The European Medicines Agency (EMA) has recommended sales to vets of medicines containing the “last resort” antibiotic colistin should be radically reduced.
Suggested new target levels could mean a 65% reduction in use of colistin across member states in an attempt to combat a growing threat of antimicrobial resistance following the identification of the plasmid-mediated colistin resistant (mcr-1) gene in China last year.
Public Health England (PHE) scientists subsequently retested thousands of samples from the PHE Sequence Archive in this country, with 15 isolates (13 in humans and 2 in poultry meat) imported from the EU proving positive.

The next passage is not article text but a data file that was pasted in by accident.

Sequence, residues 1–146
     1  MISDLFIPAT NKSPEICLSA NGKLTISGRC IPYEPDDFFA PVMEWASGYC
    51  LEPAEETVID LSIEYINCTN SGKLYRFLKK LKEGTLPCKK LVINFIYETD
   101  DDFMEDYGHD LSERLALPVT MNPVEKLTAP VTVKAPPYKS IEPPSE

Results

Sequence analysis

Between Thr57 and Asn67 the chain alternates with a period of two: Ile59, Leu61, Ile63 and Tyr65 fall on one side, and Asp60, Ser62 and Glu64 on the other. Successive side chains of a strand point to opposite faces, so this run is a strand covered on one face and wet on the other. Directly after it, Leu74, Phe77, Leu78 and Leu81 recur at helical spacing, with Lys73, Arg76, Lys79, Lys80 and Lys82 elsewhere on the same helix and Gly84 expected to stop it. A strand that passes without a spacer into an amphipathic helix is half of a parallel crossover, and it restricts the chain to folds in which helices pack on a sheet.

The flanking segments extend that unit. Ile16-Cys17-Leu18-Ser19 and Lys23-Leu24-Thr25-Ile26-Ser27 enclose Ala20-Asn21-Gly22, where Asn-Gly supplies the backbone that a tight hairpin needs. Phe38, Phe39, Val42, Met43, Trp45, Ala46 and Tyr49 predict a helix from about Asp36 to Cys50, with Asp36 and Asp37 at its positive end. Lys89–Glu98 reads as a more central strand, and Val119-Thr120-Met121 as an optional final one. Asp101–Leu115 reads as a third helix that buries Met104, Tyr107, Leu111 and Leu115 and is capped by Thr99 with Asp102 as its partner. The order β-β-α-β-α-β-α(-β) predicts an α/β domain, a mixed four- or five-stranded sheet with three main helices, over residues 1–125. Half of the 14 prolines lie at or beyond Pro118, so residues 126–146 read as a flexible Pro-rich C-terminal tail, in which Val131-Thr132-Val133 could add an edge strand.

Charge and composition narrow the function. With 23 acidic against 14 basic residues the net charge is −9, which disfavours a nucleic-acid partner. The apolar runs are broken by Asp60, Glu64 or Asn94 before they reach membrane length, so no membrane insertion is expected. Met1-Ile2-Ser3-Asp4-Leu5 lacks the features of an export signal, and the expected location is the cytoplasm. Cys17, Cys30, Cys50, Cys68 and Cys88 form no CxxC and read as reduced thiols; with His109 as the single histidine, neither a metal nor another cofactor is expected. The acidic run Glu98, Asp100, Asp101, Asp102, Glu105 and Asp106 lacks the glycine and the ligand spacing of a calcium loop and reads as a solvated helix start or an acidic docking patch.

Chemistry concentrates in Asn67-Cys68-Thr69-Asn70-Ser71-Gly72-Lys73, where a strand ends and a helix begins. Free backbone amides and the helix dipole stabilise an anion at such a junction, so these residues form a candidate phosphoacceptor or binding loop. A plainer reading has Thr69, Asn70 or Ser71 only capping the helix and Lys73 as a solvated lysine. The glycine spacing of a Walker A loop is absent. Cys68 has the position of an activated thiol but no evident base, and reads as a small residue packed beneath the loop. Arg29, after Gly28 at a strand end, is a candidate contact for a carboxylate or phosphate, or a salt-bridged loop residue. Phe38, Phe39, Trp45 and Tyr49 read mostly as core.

The EMA also wants colistin-containing medicines to be reclassified for use as a category two – second line treatment in animals.
The agency said, over the next three to four years, all member states should reduce the use of colistin in animals at least to a target level of 5mg colistin/population correction unit (PCU), where PCU is the estimated weight of livestock and slaughtered animals.
If successfully applied, this could result in an overall reduction of about 65% in the sales of colistin for veterinary use at an EU level.
The VMD stated, even though UK sales were already below EMA targets, “nevertheless, this issue is taken seriously by the industry”.
It said: “Since the discovery of mcr-1 in November 2015, additional self-imposed restrictions have been brought in by the UK pig and poultry sectors, recognising the importance of keeping colistin as an antimicrobial of last resort.
“These initiatives are likely to decrease UK veterinary use of colistin even further over time.”
- Read more about the EMA’s recommendation in the 15 August issue of Veterinary Times.